View Full Version : How to apply IP100 sealant?
Hi Ben, i've got a question about some mark V IP100 sealant i bought from your website a while ago, just wondering what the best method for applying it is really?
I just applied it like polish, except in straight lines, then buffed off after around 5-10 mins, when it had hazed, is this correct? Also is there any benefit to adding a second layer?
I'd just like to say thanks as well for the service you provided when i bought the stuff, (It was a local address!) I received within a couple days!
No Problem, glad you got it okay and thanks for the order. :) If ever want to pick anything just me an email, call or text and we'll sort something out.
The bestest bestest method is by machine with a nice soft finishing pad, the friction will really get the polymer to bond the best. Working by hand though it will still be good, don't be afraid to work it a bit to generate some friction and really work it into the paint.
So by hand:
Apply very sparingly, tiny amount on the applicator is all you need. Nice thin layer.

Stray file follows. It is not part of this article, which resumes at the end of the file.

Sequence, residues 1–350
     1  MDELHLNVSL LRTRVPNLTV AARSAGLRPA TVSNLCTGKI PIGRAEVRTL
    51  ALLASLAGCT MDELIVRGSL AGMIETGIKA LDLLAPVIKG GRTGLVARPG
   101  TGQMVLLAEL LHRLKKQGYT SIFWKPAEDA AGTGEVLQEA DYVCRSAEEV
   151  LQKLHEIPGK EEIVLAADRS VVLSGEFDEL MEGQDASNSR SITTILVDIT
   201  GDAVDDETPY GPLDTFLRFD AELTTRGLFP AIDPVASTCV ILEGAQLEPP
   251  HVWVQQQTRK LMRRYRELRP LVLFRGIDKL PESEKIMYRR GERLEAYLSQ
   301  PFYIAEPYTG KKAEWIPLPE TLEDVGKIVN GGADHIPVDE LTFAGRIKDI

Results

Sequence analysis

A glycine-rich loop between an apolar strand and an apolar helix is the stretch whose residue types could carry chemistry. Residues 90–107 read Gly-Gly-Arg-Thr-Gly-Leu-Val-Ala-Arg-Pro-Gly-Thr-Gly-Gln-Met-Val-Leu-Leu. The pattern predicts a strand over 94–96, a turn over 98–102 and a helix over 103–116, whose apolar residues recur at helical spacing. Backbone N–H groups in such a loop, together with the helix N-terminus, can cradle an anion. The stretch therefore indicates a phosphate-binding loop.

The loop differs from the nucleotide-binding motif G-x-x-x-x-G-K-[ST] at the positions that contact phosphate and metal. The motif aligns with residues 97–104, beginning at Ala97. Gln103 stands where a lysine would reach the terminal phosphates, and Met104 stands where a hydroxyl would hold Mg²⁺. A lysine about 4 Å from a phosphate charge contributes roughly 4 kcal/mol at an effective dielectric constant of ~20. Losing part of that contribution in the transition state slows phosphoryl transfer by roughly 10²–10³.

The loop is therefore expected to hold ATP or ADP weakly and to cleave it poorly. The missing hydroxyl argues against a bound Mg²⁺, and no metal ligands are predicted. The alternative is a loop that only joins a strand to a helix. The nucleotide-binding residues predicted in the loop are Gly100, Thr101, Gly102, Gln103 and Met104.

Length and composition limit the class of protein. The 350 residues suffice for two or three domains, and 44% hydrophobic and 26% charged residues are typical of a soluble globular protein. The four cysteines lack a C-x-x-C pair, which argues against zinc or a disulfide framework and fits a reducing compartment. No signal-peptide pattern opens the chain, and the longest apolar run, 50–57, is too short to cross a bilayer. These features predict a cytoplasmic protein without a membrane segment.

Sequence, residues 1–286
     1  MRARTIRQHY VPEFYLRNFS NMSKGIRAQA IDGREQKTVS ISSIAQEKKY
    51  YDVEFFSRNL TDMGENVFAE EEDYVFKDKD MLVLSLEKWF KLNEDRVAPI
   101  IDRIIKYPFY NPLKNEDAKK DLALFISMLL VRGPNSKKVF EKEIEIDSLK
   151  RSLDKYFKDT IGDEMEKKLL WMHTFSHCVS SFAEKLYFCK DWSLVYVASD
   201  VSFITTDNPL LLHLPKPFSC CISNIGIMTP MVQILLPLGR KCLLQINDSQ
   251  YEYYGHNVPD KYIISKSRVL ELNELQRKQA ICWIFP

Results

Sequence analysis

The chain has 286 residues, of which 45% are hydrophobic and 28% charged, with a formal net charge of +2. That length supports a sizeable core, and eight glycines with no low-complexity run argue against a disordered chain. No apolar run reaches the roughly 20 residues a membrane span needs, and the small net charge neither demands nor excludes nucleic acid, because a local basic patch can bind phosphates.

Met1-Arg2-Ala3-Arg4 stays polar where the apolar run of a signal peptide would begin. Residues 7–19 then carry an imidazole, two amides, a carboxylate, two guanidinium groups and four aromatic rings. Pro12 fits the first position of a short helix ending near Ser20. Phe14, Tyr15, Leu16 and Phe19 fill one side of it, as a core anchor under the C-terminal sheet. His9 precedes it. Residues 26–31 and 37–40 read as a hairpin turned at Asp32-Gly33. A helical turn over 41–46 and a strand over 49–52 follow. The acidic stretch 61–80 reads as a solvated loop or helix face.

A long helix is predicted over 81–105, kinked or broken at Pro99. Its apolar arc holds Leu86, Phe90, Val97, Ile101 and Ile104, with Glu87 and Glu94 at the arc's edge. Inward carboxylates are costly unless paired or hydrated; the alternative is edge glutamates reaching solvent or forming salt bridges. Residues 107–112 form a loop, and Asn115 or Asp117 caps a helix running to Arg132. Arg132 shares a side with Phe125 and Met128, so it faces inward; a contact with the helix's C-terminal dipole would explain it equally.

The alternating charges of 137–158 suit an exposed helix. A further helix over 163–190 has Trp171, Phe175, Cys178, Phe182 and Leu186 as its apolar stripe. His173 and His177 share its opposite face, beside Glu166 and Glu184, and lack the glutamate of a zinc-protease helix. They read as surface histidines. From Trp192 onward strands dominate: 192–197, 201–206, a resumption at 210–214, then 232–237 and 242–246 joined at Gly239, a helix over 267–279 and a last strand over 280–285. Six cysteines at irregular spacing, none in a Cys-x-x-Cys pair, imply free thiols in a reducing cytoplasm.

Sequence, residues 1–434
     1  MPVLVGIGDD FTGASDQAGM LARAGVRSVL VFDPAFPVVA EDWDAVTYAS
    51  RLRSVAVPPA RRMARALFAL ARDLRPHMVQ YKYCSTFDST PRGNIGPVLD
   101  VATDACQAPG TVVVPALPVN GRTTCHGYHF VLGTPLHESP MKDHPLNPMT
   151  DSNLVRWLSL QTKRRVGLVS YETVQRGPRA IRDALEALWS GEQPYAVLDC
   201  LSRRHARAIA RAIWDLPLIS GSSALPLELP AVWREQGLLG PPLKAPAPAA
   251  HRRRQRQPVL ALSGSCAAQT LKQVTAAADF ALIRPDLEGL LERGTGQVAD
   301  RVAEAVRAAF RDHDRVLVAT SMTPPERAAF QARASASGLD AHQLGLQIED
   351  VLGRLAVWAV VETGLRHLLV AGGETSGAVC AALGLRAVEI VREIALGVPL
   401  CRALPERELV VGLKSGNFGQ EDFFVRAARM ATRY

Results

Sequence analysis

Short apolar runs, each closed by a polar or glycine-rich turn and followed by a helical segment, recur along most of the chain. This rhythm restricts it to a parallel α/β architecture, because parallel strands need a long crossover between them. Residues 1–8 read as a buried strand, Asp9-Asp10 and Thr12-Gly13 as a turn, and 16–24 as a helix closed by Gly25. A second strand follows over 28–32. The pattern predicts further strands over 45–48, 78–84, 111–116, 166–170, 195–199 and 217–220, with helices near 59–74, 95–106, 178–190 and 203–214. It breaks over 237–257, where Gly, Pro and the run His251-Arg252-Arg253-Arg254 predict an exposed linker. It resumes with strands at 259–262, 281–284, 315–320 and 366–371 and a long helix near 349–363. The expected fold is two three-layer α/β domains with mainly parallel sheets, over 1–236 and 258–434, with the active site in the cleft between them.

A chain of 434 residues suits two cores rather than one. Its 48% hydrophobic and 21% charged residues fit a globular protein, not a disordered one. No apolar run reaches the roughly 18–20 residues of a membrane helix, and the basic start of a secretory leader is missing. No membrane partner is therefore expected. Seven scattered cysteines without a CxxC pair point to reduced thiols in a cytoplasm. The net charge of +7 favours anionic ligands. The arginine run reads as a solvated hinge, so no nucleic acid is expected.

I would suggest applying in overlapping circles, like a wax, just to make sure all areas are covered.
Don't be afraid to leave it longer before removing, 20 to 30 minutes will be possible normally, unless it's a really hot day.
Try not to get it wet for the first few hours after applying, it needs a little time to cure after buffing.
Cool, sounds like i wasn't far from the right method, it's just i went by some advice i found on applying sealants on the web (the straight line approach). I'm looking to buy a wax shortly as well, just deciding which product, it will probably be poorboys blue wax from yourself :) seemed to do a good job when it was tested on here in the wax test a while back!
Yeah, I wouldn't too much about the direction you applied it , whatever feels right and is conformtable for you. I tend to work by the rule of thumb that if it scratches (e.g. an abrasive polish or compound that needs to be worked) go in straight lines, if it doesn't (e.g waxes, sealants, glazes etc) use circles.